Notes From The Underground is a novel by Fyodor Dostoevsky.
It is considered to be one of the first Existential novels and is basically a first-person monologue told by a grumpy, aging, retired civil servant living in abject squalor in St Petersburg in about 1870…intrigued?
Mr Cedar’s very clever adaptation of this iconic novella begets a rather wonderful 90-minute version of one sad little man’s diatribe on the misery of his life and how much he needs his pain to be happy. As we get to know the “Underground man” as he has been referred to over the years, we can see beyond his brittle obnoxious nature and glimpse perhaps a little of the origin of his loneliness. His unfortunate ability to upset and irritate, his perpetual need for acceptance and approval and belonging… even as he isolates himself and shuns those who might befriend and even love him.
He is us, of course. At our most bereft and hopeless and our most painful, but also at our most honest and human.
This fascinating play, a 90-minute romp amongst a 18th century Russian’s paranoia and cruelty is actually a lot of fun…paradoxically…
Mr Cedar brings this annoying and self-destructive man to life in a magical way that creates a bond of camaraderie between the audience and the actor. As he spills his tortured and twitching adolescent psychosis across the stage he flits, like some odd bird, and flutters. A man so self-obsessed and narcissistic that nothing, not one single thing exists if not to diminish and destroy him…not even himself.
It might seem curious to you that an hour and a half of one actor channeling a frustrating and vengeful Dostoevskian character with a disdain for mankind and a penchant for garish dressing gowns could be the makings of a pleasant evening…but I must tell you that it truly, truly is…In fact, I thoroughly enjoyed spending time with this loathsome little man. He struggles through various painful interactions with old school friends and one rather unfortunate prostitute..all of which he manages to royally make a mess of, and yet somehow, even as he ruminates on how terribly badly he behaves, it’s never ultimately his own fault…remind you of anyone?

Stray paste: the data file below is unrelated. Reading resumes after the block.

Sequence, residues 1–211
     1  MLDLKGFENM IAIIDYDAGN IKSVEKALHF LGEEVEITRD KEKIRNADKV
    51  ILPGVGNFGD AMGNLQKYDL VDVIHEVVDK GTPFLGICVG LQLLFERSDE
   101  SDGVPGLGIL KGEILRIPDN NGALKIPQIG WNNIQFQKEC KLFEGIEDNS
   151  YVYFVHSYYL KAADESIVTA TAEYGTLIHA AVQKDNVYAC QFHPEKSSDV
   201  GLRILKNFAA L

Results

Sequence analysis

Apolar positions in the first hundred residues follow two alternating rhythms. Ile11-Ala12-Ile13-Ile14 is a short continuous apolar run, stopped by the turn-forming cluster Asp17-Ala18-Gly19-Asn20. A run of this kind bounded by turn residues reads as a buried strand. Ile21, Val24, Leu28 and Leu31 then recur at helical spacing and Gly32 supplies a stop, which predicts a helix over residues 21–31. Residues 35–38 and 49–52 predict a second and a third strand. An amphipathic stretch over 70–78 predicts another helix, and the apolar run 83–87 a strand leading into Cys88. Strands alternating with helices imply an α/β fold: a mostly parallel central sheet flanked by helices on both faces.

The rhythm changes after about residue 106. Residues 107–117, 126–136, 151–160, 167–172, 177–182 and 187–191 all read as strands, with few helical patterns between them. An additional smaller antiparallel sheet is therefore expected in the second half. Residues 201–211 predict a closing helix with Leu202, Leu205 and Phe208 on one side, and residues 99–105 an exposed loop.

Mr Cedar astonishes with his intimate portrait of sad isolationism and astounds with his ability to hold an audience spellbound and to remember all those words! For heaven sake, how on earth…
The play is beautifully presented with plenty to route us to this time and place and, although it could have become a bit pretentious, it avoids it entirely, giving us instead something strangely joyful from the gloomy Russian obsessive Dostoevsky…who knew?
I highly recommend “Fyodor Dostoevsky's Notes From the Underground” at The Sherry Theatre…if existential is your cup of tea, then don’t dawdle, get a move on…it’s a very short run…far too soon it will totally cease to exist in fact…
Larry & Pamela Cedar Present “Fyodor Dostoevsky's Notes From the Underground”
Adapted by and Staring Larry Cedar
Direction & Set Design by Pamela Cedar
Scenic Design by Jaqueline Cedar